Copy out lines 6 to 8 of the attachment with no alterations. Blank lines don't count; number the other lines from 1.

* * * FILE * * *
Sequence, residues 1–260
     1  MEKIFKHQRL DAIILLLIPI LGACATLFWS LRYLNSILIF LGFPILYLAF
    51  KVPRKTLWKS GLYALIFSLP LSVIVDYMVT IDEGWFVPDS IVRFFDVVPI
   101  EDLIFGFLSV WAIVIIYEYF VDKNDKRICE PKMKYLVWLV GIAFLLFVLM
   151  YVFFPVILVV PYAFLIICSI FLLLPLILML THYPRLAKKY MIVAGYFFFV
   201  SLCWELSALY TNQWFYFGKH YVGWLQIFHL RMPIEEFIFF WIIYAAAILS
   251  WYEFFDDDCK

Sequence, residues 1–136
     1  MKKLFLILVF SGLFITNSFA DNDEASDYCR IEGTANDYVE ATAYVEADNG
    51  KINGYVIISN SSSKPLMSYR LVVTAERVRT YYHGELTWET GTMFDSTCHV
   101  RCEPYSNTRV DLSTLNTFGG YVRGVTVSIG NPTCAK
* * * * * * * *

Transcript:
   201  SLCWELSALY TNQWFYFGKH YVGWLQIFHL RMPIEEFIFF WIIYAAAILS
   251  WYEFFDDDCK

Sequence, residues 1–136